Whenever a decision must be made, alternatives must be considered before making a final decision. Significant analysis and due diligence must be the order of the day, and “gut” instincts need to be validated with deep thought  and due diligence.

 

Make sure cost cutting measures do not impact future business opportunities. Now is not the time to destroy the “brand” a SME has developed and enjoyed during the good times. Now is the time to use the rifle approach and not a “shotgun” approach to “branding”. The “rifle” approach is very targeted and keeps the focus on the target…i.e. the market and clients.

 

I am reminded of the SME client who, during these tough economic times, wanted to be everything to everybody! The client believed that by undertaking this broad approach to the market, the company would uncover new clients. I attempted to underscore to the client that by instituting such an approach there was a high probability of destroying the unique “brand” they had developed and enjoyed in the recent past.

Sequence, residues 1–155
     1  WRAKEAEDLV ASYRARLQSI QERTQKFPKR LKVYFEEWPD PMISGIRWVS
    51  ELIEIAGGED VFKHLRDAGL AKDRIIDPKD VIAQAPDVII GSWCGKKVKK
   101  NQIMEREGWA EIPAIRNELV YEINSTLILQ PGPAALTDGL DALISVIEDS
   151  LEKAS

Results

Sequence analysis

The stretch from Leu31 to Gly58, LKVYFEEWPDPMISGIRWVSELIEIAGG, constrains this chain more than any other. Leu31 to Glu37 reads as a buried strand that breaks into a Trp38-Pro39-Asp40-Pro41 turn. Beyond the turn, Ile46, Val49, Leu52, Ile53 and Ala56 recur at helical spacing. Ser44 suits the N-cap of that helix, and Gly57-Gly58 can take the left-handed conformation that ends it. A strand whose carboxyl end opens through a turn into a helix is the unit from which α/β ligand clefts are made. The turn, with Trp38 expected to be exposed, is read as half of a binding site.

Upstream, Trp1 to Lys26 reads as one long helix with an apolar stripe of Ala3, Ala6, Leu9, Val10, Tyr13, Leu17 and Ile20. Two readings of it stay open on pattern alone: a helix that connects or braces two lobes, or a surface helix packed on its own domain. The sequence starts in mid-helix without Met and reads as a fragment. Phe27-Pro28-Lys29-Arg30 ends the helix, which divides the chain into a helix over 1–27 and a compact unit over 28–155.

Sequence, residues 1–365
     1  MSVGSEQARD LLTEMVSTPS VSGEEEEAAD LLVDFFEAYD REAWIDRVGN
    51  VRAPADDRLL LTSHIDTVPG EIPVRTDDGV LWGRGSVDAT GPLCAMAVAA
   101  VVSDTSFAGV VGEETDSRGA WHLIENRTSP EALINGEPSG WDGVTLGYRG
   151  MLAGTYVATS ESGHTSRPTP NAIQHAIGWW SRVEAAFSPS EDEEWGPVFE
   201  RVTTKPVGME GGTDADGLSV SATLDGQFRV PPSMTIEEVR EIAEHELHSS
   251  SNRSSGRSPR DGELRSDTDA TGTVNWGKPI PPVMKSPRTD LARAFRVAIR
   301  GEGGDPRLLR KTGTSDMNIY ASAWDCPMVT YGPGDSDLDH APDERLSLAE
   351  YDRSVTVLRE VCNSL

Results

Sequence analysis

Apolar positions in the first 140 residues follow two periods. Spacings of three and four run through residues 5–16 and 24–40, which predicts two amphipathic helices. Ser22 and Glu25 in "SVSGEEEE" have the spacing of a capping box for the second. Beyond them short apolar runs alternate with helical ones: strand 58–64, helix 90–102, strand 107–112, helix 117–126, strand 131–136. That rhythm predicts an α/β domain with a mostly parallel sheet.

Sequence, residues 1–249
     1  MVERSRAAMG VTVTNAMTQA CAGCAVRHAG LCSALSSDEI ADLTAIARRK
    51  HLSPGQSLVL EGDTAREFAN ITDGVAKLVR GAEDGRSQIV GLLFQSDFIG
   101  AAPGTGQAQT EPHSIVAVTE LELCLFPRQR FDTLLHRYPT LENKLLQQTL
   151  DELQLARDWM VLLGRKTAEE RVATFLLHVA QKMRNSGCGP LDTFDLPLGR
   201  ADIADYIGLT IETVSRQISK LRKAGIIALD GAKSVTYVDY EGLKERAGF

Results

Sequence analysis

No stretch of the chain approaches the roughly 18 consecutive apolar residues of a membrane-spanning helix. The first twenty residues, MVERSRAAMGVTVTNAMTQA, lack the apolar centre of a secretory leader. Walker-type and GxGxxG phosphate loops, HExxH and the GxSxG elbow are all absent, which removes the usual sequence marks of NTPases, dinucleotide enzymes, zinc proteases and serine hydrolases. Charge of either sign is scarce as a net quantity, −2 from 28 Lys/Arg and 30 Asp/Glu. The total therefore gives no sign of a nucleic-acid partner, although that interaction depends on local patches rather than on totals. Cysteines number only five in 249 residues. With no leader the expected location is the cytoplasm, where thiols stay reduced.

Another alternative that can be pursued is the joining forces or partnering with a competitor, client, or vendor/supplier. A good book to read is The Death of Competition – Leadership and Strategy in the Age of Business Ecosystems, by James F. Moore, Harper Business, New York, 1996.

 

Del or Delete – Evaluate internal business processes and delete those activities or work flows which are not efficient or effective throughout the SME. Inefficient and ineffective business processes lead to higher levels of customer and employee dissatisfaction.

 

Let me retreat a bit. Do you have business processes? Are they documented in work flow diagrams? Are they shared with employees?